## What is Relative Velocity?

While studying the motion of different objects, we might run into a scenario where two or more objects are in motion in a frame and the frame itself is moving with respect to some other observer. When such a condition arises, we need to consider the effects of the motion of the frame on the objects or say we need to observe the objects relative to the frame. Here originates the concept named relative velocity.

While travelling in a vehicle we often see the outside buildings and trees apparently moving backwards and the person sitting next to us in the vehicle appears stationary. But when you are standing on the ground, the trees and buildings seem stationary. It’s because you see the motions with respect to your position and your state of rest or motion. For you, your body is stationary and the other objects are moving. The velocities you are observing for the objects are nothing but the relative velocity of those objects with respect to you.

## Relating A with Respect to B

Imagine two persons namely A and B running in a playground in different directions. At any instant, they are at rest with respect to themselves but the surroundings are in motion for them. When A observes B, he observes that there is some velocity of B. The velocity of B observed by A or say the velocity of B with respect to A must be different from the absolute velocity of B i.e., the velocity of B with respect to the ground itself.

The same can be said for the velocity of A with respect to B i.e. when B is observing A. So, for either case, let it be the velocity of B with respect to A. It must be the vector difference of absolute velocity of B and absolute velocity of A.

Relating A with Respect to B

## Mathematical Interpretation of Relative Velocity in Kinematics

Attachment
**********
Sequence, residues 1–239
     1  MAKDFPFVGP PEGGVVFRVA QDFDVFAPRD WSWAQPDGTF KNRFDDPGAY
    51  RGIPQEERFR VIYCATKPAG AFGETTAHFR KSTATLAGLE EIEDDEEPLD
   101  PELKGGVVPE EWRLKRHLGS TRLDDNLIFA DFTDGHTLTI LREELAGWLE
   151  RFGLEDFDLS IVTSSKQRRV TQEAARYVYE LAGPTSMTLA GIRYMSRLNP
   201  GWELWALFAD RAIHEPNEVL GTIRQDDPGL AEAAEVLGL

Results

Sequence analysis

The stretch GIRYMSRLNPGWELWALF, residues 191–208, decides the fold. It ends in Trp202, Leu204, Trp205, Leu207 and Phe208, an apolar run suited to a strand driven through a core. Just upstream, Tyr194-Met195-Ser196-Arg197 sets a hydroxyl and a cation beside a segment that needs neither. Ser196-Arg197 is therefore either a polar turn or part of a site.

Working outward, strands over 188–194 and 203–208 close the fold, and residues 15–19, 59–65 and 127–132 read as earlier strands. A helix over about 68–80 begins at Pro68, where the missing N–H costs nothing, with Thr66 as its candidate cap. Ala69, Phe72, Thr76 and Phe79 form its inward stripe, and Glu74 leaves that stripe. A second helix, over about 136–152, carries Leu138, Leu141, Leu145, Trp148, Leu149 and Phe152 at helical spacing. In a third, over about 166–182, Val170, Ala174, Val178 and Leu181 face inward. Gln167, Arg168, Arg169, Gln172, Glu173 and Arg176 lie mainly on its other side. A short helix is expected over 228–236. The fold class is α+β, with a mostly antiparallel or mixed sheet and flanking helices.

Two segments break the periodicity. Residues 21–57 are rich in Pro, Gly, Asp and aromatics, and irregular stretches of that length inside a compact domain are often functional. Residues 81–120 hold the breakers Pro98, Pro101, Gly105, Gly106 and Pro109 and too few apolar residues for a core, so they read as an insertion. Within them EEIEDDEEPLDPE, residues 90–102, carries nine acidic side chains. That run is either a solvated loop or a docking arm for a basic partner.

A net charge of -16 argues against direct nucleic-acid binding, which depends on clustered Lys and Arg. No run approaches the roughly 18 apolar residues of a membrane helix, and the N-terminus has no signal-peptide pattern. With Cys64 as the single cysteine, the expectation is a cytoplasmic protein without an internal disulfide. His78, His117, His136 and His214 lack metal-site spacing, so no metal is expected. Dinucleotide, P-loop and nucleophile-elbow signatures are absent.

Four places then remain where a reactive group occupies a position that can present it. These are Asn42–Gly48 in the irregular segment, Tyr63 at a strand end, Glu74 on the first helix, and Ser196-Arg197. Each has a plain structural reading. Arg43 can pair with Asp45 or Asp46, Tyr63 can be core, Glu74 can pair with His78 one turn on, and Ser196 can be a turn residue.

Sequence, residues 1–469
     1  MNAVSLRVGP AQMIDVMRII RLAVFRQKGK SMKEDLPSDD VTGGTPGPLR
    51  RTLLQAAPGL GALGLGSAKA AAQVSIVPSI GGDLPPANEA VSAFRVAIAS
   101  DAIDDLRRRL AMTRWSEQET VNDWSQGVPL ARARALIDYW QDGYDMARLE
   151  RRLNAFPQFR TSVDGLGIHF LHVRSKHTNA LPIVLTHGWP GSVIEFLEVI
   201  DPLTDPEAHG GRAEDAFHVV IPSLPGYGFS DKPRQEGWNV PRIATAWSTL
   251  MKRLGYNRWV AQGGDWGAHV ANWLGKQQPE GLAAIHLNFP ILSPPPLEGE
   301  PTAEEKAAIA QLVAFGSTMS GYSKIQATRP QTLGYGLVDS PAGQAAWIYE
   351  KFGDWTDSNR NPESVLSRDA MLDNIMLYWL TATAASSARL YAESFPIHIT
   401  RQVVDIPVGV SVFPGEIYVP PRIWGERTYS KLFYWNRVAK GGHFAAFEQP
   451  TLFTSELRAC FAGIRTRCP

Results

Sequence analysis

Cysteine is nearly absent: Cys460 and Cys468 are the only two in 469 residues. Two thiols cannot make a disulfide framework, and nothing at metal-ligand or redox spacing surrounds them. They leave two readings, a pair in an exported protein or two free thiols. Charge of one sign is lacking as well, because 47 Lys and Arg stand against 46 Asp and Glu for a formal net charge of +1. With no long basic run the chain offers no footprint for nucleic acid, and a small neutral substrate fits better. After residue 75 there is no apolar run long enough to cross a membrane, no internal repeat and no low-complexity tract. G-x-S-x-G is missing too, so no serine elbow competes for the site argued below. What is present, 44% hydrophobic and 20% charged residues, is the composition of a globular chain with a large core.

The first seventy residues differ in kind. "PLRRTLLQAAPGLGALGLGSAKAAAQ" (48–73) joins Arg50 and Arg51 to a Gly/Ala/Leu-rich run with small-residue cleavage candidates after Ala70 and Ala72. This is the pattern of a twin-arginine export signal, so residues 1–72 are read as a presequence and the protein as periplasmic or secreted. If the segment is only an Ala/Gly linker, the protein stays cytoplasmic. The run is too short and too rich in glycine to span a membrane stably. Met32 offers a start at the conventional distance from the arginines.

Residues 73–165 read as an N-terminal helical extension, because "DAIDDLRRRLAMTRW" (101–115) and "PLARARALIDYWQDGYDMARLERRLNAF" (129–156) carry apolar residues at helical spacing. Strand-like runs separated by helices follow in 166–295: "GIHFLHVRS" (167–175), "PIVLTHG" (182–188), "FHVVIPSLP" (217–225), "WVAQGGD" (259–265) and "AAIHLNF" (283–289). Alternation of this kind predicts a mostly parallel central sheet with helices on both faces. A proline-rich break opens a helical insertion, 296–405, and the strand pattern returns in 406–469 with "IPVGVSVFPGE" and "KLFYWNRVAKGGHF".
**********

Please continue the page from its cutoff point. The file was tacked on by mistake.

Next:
Continuing the previous case, let us name the absolute velocity of A to be v_{a} and the absolute velocity of B to be v_{b}.

The relative velocity formula of person B relative to person A can be written as

\[{{v}_{ba}}={{v}_{b}}-{{v}_{a}}\]

Similarly, the relative velocity of A with respect to B will be

\[{{v}_{ba}}={{v}_{b}}-{{v}_{a}}\]

Here we note that

\[{{v}_{ba}}=-{{v}_{ab}}\]

And,

\[\left| \left. {{v}_{ab}} \right| \right.=\left| \left. {{v}_{ba}} \right| \right.\]

## Relative Velocity Examples

Imagine yourself in a car running on a highway. Now imagine another car passing your car from the side. You’ll observe that the car is passing by at a reasonably slow speed. But when you are standing on the road, that car will appear to be passing very quickly. The former observation is because you are observing that car relative to you and you have some speed too because you are sitting in a moving car. So, another car appears to be passing relatively slowly as it would be if observed from the ground.

Imagine yourself on the bank of a river. You need to cross the river and reach another end. Note that the river itself is flowing. Now, you jump in and start swimming in the straight line joining the two ends. But when you reach another end, you will see that you are not on the point directly opposite to the point where you began.

Your location will be shifted and you will find yourself at some other point. It is because you were trying to follow that straight line and according to you, you only have velocity in that direction. But actually, you have the velocity of swimming and the velocity of the water flow itself. So, the total velocity vector is not going to be in the initial straight line joining two opposite points.

Suppose you are in a train carriage. All the doors and windows are closed so you can’t see anything outside which also means you can’t state if the train is moving or you are at rest. The train might be moving at a uniform velocity or it might be at rest. The train is always going to be on rest with respect to you. There is no experiment in this world that you can conduct to know your kinematic state.